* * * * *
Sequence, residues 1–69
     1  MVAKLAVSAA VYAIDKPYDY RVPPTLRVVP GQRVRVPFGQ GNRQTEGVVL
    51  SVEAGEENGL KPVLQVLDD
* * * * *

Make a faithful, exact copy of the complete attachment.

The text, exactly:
Sequence, residues 1–69
     1  MVAKLAVSAA VYAIDKPYDY RVPPTLRVVP GQRVRVPFGQ GNRQTEGVVL
    51  SVEAGEENGL KPVLQVLDD